The hopeful energy of Finland’s historical protest.

    The fatigue.

    The rage of how many Black lives it took before Black Lives Matter became a public rally cry.

    The fatigue…of trying to make sense of the senseless, of the insanity of state-sanctioned murder. And the oldness of it.

    The joy and necessity of falling into the arms of my sisters as I make mistakes too, along my own process of dismantling my internalized Anti-Blackness. The sadness I feel when I can’t show up for another sister because my own rage and hurt is too overwhelming. My burden too heavy to carry on my own.

    The cautious hope and wariness that those with newfound consciousness will do the tough, inner work of dismantling their conditioning around whiteness and proximity to power. Of holding themselves and their family, friends, colleagues accountable.

    The suspicion (and proof) of businesses and corporations co-opting the movement because it makes good cents now and they can continue to build their empires off the backs and pain of oppressed people, of Black people. Of who will show up once anti-racism is no longer trendy. This is rigorous, unglamorous work. It’s not sexy. It often hurts and mistakes are many….

    And now begins the real work of many lifetimes. As an Ashtanga yoga practitioner and teacher for 12 years, I’ve been involved in spiritual activism since 2018. I hadn’t planned it, nor expected my spiritual path to lead me towards the seemingly external world of activism. The truth is, as a Kenyan-American, biracial Black woman based in Finland since 2010, I’ve been in need of community. I’ve been part of the Ashtanga yoga world both in Finland and abroad and have gotten to know parts of the Finnish yoga community. However, from the get go, the lack of Black and Brown people in the yoga world globally and in Finland, has never sat right with me.

    As I got more teaching experience and began to get intentional about who I serve as a teacher, it became clear that my target demographic are BIPOC. However, as a teacher responsible for the wellbeing of all who come practice with me, I must ask myself the following questions: How safe would BIPOC be in a predominantly white space? What microaggressions might they need to bear?  How much free education and emotional labor would they be subjected to as they seek to rest, recuperate and deepen in contemplation?

    Ashtanga Yoga has the reputation of being elitist, exclusionary and racist, all of which are true. This leaves much to be desired. In fact, I got so disillusioned by the lack of accountability around the abuse of power and community complicity that I took a long break from the practice to clear my head and gain clarity on where my North Star was guiding me. I was pointed to the revelation that I can love something, engage in it, and be critical about it.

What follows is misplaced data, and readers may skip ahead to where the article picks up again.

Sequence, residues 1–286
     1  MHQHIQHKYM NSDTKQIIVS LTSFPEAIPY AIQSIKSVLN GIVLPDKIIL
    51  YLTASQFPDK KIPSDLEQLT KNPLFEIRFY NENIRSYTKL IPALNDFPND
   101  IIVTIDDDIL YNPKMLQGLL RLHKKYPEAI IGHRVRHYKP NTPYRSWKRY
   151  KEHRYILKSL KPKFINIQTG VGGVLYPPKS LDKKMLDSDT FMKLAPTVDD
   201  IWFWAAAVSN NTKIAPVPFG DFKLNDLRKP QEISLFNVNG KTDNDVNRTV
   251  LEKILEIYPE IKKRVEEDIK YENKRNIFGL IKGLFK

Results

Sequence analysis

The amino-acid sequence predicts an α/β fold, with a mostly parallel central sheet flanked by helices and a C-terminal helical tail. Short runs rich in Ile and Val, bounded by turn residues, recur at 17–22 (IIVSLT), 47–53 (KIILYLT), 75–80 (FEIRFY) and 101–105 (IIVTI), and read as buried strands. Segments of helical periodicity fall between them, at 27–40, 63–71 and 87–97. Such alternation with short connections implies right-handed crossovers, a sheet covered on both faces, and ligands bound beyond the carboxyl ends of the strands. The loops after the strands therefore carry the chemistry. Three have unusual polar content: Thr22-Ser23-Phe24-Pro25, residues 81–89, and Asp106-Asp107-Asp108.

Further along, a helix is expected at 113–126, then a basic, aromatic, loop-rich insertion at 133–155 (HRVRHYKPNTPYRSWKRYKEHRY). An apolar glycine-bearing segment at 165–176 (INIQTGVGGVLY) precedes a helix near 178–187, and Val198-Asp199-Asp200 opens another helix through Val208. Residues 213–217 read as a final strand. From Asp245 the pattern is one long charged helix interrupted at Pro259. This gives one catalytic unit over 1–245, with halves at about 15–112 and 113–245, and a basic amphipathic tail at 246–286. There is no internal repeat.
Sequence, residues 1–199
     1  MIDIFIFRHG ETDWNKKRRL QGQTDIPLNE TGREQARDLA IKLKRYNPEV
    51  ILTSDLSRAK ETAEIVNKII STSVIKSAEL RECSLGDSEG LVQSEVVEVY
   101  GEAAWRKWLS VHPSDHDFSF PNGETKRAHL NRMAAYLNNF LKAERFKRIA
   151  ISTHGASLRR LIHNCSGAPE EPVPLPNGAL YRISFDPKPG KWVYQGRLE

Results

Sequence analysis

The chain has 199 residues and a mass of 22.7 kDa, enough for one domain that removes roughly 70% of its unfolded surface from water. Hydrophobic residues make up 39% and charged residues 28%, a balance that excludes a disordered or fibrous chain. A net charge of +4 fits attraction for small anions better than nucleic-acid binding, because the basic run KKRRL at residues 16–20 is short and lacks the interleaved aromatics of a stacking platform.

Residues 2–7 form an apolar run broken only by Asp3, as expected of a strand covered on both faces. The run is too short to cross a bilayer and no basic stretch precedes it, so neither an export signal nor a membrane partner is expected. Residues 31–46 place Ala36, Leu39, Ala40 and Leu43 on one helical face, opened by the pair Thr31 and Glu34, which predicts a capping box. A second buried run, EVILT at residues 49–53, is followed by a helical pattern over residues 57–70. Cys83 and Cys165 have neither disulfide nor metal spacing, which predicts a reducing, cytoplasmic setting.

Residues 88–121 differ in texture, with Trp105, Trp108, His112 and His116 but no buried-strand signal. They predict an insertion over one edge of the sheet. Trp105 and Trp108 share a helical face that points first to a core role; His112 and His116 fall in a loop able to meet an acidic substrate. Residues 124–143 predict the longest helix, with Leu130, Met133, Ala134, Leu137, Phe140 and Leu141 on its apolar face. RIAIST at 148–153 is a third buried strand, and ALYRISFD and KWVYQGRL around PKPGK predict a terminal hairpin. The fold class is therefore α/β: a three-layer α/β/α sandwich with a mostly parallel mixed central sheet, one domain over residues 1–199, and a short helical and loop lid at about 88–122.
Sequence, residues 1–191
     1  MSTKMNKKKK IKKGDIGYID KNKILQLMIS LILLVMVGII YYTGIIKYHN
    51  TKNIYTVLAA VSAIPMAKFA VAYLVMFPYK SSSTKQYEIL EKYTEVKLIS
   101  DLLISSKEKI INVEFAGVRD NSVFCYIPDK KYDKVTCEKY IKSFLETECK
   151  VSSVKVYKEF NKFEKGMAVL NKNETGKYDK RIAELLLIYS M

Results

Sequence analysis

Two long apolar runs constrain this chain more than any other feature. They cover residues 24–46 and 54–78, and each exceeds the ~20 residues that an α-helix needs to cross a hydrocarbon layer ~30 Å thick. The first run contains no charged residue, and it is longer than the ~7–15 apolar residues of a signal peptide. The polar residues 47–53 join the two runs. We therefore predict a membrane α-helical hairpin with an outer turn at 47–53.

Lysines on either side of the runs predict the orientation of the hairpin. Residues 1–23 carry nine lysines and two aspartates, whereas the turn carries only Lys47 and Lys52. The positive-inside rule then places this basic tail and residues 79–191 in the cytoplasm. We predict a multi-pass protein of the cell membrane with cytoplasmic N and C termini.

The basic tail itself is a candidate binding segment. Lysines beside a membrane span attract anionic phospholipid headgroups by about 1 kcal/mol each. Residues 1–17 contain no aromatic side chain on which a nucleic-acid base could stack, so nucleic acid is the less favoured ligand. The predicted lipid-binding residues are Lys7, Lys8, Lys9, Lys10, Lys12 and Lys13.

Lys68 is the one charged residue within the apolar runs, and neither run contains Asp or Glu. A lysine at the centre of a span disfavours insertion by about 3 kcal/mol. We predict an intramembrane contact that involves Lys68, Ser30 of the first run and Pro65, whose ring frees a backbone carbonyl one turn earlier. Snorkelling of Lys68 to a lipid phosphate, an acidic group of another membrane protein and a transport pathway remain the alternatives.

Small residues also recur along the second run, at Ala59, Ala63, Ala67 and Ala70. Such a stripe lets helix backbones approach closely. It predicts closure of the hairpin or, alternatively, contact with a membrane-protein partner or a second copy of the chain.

Much still needs to be unpacked and accounted for within the upper levels of the community. From where I stand, it is not business as usual. It cannot be because it’s essential to not only see the pattern of systemic oppression but to actively work to eliminate it in all its manifestations. Anti-Blackness and racism might seem like distant topics to those who are protected by the systems and don’t have to manage societal repercussions. By contrast, questioning your participation in a culture of complicity within the Ashtanga yoga community is personal.

    The lack of diversity in Ashtanga Yoga is very real and very problematic. However, the solution doesn’t rest in aspiring towards diversity and inclusivity. These terms imply that someone (usually from the dominant group or deeply invested in it) owns the table and can choose who to invite and who to kick out at any time. This implies that there is someone at the top who is the gatekeeper. That there’s someone hoarding all the toys in the playground and won’t share, save for a few throw away knick knacks, which they can take back any time they feel like it.

    My vision for the healing and spiritual evolution of Ashtanga Yoga involves a radical unlearning and co-creation of a community that’s deeply honest, transparent and rooted in equity, joy and justice.

    I offer the following reflections on how we might co-create this together:

    Lean into discomfort:

    This is something we as yogis are trained to do. Every time we step onto the mat and move through the method of linking breath with movement and soft, steady focus, we meet ourselves again and again. Our stuff. Our obscurations. Our breakthroughs. The work of divesting from social conditioning around whiteness and proximity (or distance) to power is similar.

    Learn to discriminate between discomfort and lack of safety:

    When we attempt a new pose for the first time, we don’t generally scold the teacher if we don’t ace it right away. We understand that it takes time, that it is a step by step process to become familiar with and understand the pose. It’s not comfortable to learn new, often painful complexities. This doesn’t mean it’s dangerous. Nor does it mean that the (BIPOC) person offering the lesson needs to say things nicely, calmly and peacefully in order for you to listen. Again, our practice of yoga has prepared us well. It has taught us not to shrink from the first onset of strong sensation. We have honed our sense faculties to determine the difference between discomfort and pain.

    Avoid the smoke and mirrors of performative allyship: